42. In 18a, I would have thought that it was “often used by 1a” because it is the most common letter in the English language and can therefore be a key to assist the 1a.

    I’m still struggling. Under half complete.

    Thanks to Zandio (I think) and MR K.

  43. The unusual cat is an Oriental Shorthair. They normally have rather large ears, but some of them are more bat-like than others!

  44. Well that kept me nicely occupied (for some time) in the back seat during the trek down south. Lovely weather when we left (ain’t that a kick in the head) but predictably squally in parts on the drive down. Not quite as tough as last Friday’s Silvanus but certainly in that ballpark. I didn’t not enjoy it but reckon it was probably more suited to the other slot. 12d was last in – the answer & downhiller were the only 2 words I could think of that fit. I pegged the wordplay parts eventually but still don’t understand the definition really.
    Top 3 for me – 1a&d + 26a.
    Thanks to Zandio & especially to Mr K

  45. Only managed 6 unaided then gave in.

    Thanks to the setter anyway, but huge thanks to Mr K for the unravelling…and the cat pics.

    Happy New Year when it comes to you all.

  46. No time to do the guzzle today but I wanted to see the pusskits. 😊

    I spent most of the day at the bank because I have been scammed. They took a substantial sum of money. I am furious because I am usually very careful. I never click on links in emails, never open emails from those I do not know and never answer the landline until it goes to voicemail. Despite this careful approach, the scammers broke through my defence. It all began with a text message purporting to be from Royal Mail saying they had tried to deliver a package. Trouble is, I am awaiting a package so I clicked the link that asked for payment of £1.25 for re-delivery. That is when the warning bells should have sounded but, with everything else going on at the moment, I didn’t think. The Post Office will never ask for money to be paid for re-delivery.

    Just want to say to all you lovely friends – be very careful.

    1. Oh dear Steve, I am so sorry to hear this. There are some very evil people in this world who like to prey on us “mature” folk. You really don’t deserve this on top of everything else.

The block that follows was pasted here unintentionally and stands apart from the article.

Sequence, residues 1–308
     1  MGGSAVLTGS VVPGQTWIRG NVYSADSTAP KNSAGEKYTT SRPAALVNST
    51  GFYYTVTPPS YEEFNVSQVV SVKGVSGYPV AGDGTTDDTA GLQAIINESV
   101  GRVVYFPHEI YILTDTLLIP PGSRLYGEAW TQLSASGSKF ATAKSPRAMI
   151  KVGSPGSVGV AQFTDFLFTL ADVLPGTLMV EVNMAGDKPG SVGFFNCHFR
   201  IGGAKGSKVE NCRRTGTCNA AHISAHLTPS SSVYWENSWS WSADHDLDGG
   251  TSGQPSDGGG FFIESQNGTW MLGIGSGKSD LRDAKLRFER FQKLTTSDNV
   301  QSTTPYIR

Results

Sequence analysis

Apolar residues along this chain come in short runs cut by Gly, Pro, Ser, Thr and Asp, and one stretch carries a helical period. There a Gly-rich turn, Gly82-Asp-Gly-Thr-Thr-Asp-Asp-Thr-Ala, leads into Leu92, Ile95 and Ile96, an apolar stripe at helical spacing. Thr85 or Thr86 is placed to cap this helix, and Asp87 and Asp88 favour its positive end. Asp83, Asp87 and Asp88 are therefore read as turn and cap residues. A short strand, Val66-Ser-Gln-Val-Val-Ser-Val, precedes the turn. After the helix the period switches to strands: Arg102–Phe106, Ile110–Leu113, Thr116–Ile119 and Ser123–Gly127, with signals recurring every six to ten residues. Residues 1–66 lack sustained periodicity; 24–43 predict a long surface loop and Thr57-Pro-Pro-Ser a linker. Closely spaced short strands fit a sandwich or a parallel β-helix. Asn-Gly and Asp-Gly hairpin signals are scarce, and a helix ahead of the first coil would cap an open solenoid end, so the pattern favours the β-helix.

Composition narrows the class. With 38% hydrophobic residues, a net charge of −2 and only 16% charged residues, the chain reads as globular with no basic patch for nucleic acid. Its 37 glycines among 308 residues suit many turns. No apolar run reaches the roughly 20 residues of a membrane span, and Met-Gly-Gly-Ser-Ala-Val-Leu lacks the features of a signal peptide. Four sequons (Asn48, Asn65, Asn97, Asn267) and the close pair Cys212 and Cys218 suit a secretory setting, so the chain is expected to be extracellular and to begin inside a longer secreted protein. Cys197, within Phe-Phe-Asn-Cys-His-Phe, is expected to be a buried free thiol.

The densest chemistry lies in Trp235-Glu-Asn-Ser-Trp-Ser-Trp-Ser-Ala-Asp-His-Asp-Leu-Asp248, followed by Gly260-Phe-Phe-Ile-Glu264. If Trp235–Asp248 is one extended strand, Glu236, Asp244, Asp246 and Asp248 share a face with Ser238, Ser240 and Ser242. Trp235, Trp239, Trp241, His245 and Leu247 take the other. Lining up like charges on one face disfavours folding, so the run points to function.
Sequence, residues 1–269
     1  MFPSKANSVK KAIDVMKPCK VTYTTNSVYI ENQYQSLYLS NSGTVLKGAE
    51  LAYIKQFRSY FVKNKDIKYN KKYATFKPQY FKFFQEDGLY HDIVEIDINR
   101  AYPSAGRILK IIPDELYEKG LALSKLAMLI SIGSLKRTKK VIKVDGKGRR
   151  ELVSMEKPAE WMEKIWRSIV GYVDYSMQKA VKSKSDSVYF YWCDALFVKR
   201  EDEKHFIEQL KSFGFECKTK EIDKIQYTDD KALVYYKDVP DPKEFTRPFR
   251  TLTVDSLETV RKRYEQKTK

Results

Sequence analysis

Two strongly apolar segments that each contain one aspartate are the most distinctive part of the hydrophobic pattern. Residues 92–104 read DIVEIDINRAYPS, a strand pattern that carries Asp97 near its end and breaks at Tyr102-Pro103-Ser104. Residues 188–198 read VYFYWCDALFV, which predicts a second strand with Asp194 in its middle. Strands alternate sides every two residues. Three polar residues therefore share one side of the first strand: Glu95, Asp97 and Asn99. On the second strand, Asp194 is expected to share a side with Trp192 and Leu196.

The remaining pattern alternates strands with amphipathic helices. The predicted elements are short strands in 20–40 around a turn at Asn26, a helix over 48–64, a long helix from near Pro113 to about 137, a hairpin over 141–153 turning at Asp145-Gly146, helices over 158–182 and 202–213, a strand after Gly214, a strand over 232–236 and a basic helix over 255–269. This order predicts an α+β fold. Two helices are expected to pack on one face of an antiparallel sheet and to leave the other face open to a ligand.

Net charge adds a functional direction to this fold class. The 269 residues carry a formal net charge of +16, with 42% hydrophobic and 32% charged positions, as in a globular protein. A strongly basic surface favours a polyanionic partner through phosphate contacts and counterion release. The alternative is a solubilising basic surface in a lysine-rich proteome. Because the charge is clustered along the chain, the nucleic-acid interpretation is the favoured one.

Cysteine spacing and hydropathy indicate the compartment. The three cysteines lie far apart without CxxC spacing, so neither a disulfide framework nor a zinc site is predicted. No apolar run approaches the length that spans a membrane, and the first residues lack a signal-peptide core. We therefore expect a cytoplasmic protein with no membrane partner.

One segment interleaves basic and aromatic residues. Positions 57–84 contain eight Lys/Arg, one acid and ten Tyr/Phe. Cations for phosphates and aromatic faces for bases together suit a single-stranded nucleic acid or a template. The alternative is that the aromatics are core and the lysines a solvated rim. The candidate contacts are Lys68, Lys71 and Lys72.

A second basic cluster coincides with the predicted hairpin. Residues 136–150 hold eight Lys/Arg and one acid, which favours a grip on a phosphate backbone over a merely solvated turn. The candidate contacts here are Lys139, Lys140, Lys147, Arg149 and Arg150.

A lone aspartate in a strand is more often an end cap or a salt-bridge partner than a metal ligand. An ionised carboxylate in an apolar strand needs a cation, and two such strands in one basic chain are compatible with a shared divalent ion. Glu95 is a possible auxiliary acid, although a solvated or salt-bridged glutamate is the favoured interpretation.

47. I was warned, and should have listened, that it looked like a waste of paper and ink today. I am going to join the growing number of others (including Kath) who have now given up on Friday backpagers. I wish I could understand why the DT persists in offering OTT Fridays, when there is also a Toughie for those clever enough to find the backpager too gentle. Make it the toughest day of the week by all means, but not to the point where you disappoint most of your subscribers. Perhaps we should ask for a rebate, for puzzle access excluding Fridays. Truly frustrating.

  48. Managed about 6 before making a tactical withdrawal to something less demoralising.

    If I had known it was a Zandio (no disrespect to your genius), I wouldn’t have bothered.

    Thanks to all.

  49. Took a while but eventually finished unaided. Felt as though my old brain had had a good work out. Thanks to Zandio and Mr K.

  50. Did find this very challenging and needed a number of hints and the occasional reveal too, so thank you all for making us realise we were not alone! Will return on that basis. Hope tomorrow is kinder…

  51. Apologies, I am very late on parade for this one.
    We are just back from a lovely dinner with our eldest granddaughter. Crikey, are we really that old?!
    Very tough (the puzzle, not the dinner), as others have already commented but it is now complete and I can sleep well (if only!).
    Plenty of original thinking, but a bit too wordy in parts for me.
    Thanks to Zandio and special thanks to Mr K. I hope that the lovely people who use this blog realise quite how much work you do to make it run so smoothly.
    HNY to you all.

    1. Very late to this puzzle after being out all day. Many thanks to the compiler and for the brilliant hints. I needed some help but finished in the end and really enjoyed the challenge. I wouldn’t have got very far at all a few months ago, so feel quite pleased after reading the comments above!

  52. An appropriate level of challenge for a Friday backpager, solvable, requiring close attention, and with largely fair clues.

    However I usually enjoy a Zandio puzzle but not today. Several uncharacteristically poor and / or tenuous clues, and only one, 18d, getting close to the shadow cast by the podium.